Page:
Moreover, even if you could demonstrate a plurality within God it would not prove that trinitarianism was the only possible consequence……..Rather, I want to state, and I think you will agree, that plurality in God and God being a trinity are not one and the same idea. To hold to the latter, you must have the former; but to hold to the former, does not require the latter. Again, I think this is a point of agreement between us.

    Agreed. It’s consistent with Modalism or Sabellianism. That’s why there are other independent arguments for why each person is distinct and different from the other two.

    Note that I have now identified at least three ways the plurality can be discussed with relation to God, and this is why I call it a vague concept. I think you and I can agree that there is this varying notion of plurality even though we may not be in agreement about exactly what it means.

    Agreed. That’s why there are various views like Modalism, Arianism, Semi-Arianism, Nicene Monarchism, Tritheism etc.

    I see patterns in the Bible, and more with each passing year (e.g. Jesus following the pattern of David against Goliath, or David following the pattern of Joshua in not being afraid of the giants in Canaan). But I have never seen the pattern of the trinity.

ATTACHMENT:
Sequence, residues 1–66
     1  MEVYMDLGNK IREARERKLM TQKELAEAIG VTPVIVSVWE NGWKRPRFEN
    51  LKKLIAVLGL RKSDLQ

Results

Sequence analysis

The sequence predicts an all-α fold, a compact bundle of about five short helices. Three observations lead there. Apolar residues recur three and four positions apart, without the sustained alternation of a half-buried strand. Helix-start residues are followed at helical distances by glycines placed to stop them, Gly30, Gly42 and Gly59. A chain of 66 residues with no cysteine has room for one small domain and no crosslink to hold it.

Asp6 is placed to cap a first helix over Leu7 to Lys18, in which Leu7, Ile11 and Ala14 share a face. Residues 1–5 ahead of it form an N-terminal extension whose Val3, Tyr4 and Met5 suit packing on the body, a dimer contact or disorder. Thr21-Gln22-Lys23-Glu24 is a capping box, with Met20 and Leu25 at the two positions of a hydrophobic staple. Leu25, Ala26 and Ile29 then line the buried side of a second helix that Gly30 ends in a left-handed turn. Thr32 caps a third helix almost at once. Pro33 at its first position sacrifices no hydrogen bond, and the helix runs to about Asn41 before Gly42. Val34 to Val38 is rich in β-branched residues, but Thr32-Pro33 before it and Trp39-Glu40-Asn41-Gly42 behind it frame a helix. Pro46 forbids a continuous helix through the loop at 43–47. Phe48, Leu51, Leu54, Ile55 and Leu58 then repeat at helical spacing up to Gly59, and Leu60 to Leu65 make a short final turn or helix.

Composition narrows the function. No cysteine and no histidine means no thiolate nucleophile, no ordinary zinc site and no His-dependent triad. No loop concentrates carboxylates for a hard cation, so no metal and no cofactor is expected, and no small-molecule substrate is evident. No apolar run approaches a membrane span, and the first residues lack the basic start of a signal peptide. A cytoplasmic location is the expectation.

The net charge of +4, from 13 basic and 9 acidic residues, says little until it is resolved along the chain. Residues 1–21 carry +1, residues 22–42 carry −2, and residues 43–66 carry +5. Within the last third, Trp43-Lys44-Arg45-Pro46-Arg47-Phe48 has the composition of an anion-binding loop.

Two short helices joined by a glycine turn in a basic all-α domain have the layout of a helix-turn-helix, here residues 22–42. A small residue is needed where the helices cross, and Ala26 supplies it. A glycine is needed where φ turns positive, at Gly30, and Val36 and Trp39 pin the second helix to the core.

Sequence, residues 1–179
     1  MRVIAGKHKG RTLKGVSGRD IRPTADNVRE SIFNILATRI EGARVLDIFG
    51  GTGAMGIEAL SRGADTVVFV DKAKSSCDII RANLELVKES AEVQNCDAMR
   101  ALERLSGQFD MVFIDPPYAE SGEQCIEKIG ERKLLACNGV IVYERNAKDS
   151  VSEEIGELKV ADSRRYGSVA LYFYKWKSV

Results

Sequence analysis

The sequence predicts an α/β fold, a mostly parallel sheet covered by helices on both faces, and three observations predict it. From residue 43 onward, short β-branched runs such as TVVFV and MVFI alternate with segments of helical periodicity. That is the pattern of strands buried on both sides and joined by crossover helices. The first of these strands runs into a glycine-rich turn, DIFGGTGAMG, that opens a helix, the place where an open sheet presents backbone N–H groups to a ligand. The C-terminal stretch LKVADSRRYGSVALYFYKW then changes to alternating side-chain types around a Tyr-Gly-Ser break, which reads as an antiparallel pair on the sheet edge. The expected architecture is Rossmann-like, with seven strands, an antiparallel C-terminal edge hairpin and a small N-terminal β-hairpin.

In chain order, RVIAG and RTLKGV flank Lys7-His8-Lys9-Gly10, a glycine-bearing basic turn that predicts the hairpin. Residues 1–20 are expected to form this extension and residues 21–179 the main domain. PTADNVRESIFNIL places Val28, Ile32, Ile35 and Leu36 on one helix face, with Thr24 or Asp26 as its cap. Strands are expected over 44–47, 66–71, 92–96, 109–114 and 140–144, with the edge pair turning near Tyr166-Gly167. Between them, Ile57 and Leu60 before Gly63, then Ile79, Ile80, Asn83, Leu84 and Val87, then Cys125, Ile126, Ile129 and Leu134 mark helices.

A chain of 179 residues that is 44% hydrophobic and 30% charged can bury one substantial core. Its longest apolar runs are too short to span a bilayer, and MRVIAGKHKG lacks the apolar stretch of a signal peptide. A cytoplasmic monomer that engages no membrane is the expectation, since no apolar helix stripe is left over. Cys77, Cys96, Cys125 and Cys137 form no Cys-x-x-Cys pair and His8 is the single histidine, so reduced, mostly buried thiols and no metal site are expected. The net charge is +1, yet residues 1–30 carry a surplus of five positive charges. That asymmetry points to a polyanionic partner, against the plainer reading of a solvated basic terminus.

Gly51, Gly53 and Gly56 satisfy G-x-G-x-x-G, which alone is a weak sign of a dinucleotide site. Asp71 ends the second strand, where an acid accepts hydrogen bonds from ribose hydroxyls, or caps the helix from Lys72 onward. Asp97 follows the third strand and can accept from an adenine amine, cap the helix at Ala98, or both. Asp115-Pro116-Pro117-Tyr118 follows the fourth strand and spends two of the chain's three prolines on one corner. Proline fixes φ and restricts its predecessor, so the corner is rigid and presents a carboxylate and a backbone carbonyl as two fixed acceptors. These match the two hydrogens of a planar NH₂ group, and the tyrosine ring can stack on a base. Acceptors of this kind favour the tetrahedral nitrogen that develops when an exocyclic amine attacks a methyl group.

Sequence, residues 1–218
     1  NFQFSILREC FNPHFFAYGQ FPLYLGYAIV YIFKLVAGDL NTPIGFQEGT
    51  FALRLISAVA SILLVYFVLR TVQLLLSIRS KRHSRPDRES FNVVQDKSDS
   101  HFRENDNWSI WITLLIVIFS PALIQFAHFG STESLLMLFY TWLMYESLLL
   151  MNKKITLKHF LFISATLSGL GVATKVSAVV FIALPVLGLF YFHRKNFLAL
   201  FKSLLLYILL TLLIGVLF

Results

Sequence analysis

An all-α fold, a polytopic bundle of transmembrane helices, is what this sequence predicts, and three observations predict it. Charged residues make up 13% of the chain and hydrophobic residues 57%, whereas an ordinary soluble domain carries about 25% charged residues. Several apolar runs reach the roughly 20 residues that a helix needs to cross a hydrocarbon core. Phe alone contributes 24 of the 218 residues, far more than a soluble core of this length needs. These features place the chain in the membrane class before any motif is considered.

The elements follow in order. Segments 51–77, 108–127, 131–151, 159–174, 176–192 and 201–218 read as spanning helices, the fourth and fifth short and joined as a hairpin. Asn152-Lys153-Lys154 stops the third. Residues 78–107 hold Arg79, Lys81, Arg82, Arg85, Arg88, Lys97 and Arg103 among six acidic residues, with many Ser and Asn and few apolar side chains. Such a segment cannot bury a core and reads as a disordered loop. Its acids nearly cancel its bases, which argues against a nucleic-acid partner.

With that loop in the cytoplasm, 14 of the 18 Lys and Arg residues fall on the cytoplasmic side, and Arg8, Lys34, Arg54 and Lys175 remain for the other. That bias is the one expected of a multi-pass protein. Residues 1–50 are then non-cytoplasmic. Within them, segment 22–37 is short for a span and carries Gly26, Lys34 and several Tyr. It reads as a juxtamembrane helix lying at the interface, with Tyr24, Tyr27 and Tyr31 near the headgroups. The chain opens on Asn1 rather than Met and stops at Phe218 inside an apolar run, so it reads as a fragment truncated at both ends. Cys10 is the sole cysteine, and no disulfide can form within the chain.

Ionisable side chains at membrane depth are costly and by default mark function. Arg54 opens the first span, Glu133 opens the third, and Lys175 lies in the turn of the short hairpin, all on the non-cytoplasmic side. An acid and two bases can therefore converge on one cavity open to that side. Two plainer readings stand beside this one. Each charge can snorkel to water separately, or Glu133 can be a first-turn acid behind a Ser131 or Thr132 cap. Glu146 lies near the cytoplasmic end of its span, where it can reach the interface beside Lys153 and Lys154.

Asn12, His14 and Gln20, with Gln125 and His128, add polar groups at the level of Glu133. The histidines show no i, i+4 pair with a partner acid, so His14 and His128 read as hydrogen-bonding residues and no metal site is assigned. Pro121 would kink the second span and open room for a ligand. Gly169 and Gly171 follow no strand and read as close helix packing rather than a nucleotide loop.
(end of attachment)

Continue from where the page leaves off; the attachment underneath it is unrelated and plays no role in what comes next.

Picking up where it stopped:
For myself, I do see a pattern. I’ve noted them in my blogs. For example,

    All Three Persons of the Trinity Mentioned In Scripture (Directly or Indirectly)

    Eusebius of Caesaria quotes it as “in My name” and with no mention of baptism

    Eu

  71. Oops, I accidentally posted before I was ready. In the middle of a comment.

    Eusebius of Caesaria quotes it as “in My name” and with no mention of baptism

    According to one source, Eusebius cited or alluded to it 18 times and always as “in my name.” At times he may have been paraphrasing without realizing he was changing the text. We all tend to do so. For example, I remember a Oneness person who often quoted John 1:1 as “In the Beginning was the Word and the Word was God;” unconsciously leaving out the middle of the verse, “and the Word was WITH God.” Besides, there are other ante-Nicene fathers who did essentially quote it as we have it.

    Note also that you do not find elsewhere in the New Testament, or even in the Old, the expression “the names of the Lord.” Thus, whatever Jesus meant in Matthew 28:19, He was not intending to contradict and override all that the Scriptures said about the preeminence of His name.